New Canaan Rep. O’Dea Supports Bill Expanding Use Of Anti-Overdose Drug

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State Reps. Tom O'Dea (R-New Canaan) and Gerald Fox, III (D-Stamford) are garnering support for a bill that would provide legal immunity for administering an opioid antagonist drug to an overdosing individual.
State Reps. Tom O'Dea (R-New Canaan) and Gerald Fox, III (D-Stamford) are garnering support for a bill that would provide legal immunity for administering an opioid antagonist drug to an overdosing individual. Photo Credit: Contributed

STAMFORD, Conn. -- State Reps. Tom O'Dea (R-New Canaan) and Gerald Fox III (D-Stamford) gained support for a bill that would provide legal immunity for administering an opioid antagonist drug to an overdosing individual. 

O’Dea and Fox met recently with representatives from the Connecticut Prevention Network to discuss Raised House Bill No. 5487. The bill "would provide legal immunity to anyone who administers a drug called an 'opioid antagonist' to a person experiencing an overdose," according to a press release.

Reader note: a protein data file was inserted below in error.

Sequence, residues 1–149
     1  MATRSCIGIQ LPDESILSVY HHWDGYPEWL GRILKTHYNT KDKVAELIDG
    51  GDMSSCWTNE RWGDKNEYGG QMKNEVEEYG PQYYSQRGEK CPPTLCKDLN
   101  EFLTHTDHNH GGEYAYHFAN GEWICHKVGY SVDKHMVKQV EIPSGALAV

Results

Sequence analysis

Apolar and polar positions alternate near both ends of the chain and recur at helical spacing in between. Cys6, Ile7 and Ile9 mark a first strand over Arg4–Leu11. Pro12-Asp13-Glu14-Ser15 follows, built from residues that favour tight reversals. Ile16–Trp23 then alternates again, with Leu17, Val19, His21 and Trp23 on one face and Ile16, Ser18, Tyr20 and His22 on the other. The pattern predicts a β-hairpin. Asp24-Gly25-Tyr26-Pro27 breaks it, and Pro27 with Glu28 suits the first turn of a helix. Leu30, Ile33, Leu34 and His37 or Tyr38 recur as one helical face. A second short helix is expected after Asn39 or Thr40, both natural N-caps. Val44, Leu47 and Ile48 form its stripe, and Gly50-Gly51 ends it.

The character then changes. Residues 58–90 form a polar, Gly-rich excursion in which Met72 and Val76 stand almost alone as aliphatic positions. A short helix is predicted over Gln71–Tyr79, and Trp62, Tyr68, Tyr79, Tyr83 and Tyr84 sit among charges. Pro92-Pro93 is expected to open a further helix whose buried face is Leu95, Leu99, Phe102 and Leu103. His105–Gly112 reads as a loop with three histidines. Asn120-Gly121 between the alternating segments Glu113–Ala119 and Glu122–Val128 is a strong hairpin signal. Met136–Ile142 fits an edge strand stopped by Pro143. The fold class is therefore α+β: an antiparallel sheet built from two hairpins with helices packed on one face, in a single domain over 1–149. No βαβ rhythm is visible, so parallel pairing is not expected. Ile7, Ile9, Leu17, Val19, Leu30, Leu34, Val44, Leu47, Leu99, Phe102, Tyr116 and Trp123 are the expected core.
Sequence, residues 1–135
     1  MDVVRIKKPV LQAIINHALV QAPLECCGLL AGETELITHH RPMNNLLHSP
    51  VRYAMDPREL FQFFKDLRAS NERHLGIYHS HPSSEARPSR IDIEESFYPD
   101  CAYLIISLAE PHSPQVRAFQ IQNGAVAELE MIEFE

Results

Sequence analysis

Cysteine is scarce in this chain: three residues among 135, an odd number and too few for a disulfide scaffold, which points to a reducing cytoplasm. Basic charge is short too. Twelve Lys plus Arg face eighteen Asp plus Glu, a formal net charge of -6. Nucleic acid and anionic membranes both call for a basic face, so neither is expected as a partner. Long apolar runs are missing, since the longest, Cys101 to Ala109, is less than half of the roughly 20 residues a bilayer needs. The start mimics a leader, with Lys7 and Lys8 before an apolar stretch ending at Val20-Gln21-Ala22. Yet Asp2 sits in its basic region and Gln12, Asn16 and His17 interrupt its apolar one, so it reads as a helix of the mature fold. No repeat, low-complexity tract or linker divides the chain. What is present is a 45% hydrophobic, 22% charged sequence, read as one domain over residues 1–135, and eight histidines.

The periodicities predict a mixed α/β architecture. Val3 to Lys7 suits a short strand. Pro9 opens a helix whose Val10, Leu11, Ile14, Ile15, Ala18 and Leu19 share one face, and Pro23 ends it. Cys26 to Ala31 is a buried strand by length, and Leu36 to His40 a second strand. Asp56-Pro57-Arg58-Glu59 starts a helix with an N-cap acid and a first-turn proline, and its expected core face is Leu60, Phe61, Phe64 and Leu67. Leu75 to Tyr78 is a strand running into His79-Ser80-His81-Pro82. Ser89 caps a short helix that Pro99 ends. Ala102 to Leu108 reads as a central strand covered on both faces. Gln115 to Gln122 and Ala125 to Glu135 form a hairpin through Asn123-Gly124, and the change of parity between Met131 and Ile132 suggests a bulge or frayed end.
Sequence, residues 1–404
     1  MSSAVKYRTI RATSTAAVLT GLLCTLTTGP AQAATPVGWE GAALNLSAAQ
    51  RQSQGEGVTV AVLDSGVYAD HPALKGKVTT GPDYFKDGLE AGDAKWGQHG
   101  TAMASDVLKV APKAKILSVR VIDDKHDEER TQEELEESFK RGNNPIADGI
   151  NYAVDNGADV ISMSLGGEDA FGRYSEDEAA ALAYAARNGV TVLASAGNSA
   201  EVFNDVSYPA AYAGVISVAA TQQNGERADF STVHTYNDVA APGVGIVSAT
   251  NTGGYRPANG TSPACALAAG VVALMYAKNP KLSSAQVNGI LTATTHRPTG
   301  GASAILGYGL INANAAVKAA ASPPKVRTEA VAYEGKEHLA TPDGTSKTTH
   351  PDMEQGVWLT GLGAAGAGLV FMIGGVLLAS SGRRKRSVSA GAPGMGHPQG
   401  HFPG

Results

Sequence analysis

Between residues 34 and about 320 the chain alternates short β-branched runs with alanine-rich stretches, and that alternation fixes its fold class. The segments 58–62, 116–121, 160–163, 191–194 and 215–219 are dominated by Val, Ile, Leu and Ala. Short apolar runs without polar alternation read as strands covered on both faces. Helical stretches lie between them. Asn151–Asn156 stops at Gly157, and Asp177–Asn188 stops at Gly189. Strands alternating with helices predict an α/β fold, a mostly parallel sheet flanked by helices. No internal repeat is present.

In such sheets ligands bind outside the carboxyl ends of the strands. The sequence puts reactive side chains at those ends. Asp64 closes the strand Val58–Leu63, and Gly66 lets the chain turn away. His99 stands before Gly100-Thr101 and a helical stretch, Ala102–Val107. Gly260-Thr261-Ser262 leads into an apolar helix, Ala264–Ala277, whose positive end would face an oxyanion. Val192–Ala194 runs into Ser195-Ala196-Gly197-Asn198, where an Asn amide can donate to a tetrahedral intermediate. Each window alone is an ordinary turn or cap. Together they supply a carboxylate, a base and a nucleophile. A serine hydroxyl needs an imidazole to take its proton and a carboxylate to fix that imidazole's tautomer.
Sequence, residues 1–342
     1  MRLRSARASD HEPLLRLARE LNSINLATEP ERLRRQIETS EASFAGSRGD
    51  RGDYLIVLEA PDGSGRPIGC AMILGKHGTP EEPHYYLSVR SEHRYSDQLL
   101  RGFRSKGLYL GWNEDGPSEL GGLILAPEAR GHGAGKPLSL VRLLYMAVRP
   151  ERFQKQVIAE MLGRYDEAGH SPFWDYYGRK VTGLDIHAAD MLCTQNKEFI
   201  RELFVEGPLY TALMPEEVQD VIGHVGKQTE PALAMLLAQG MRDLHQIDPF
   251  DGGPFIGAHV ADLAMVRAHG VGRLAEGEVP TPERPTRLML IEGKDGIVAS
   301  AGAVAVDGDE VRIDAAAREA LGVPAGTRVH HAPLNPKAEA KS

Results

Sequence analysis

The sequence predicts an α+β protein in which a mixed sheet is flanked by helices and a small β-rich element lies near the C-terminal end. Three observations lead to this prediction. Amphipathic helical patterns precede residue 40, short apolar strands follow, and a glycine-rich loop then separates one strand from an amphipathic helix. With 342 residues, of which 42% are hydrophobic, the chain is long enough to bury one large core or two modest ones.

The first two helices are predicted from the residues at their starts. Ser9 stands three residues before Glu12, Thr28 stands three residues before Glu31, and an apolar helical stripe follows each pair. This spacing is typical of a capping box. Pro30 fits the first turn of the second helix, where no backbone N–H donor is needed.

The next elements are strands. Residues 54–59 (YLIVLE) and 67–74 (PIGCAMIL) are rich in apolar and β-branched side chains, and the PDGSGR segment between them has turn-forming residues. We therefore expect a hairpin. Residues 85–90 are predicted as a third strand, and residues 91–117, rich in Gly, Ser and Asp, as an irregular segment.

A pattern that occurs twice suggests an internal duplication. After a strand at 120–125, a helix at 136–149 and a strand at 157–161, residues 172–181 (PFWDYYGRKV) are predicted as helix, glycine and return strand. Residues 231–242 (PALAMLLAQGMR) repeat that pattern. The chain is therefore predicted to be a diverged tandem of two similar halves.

"When administered quickly and correctly, the opioid antagonist drug naloxone rapidly restores a victim’s breathing and reverses the effects of an overdose of heroin or other opioids, such as prescription painkillers," according to the release. 

Currently, licensed health care professionals can administer the overdose countermeasure without fear of facing civil or criminal prosecution, according to the release. O’Dea, who introduced the measure through the state House’s Judiciary Committee, believes that "legislation is necessary to protect any and all first-responders who administer naloxone from law suits or prosecution," according to the release. 

“A lot of these cases of heroin abuse and deaths start with abuse of painkillers like OxyContin and Vicodin – when people run out of ways to get the prescription meds, too often they turn to heroin,” said O’Dea in the release. “The rising number of deaths from these drugs in Connecticut is extremely alarming, and allowing non-physicians to carry and administer naloxone is an easy way to avoid unnecessary tragedies like the ones we’ve been seeing all too often.”

Seventeen states and Washington D.C. have increased access to naloxone by amending their states’ laws, according to the release. 

“We had a lot of people come in today to testify in favor of the measure, and I am confident that the legislature will pass the bill easily, and without significant opposition,” Fox said in the release. “Saving lives by allowing non-medical personnel to carry and administer a drug that has been around for decades is a no-brainer, and hopefully a step toward solving this epidemic we are experiencing.”

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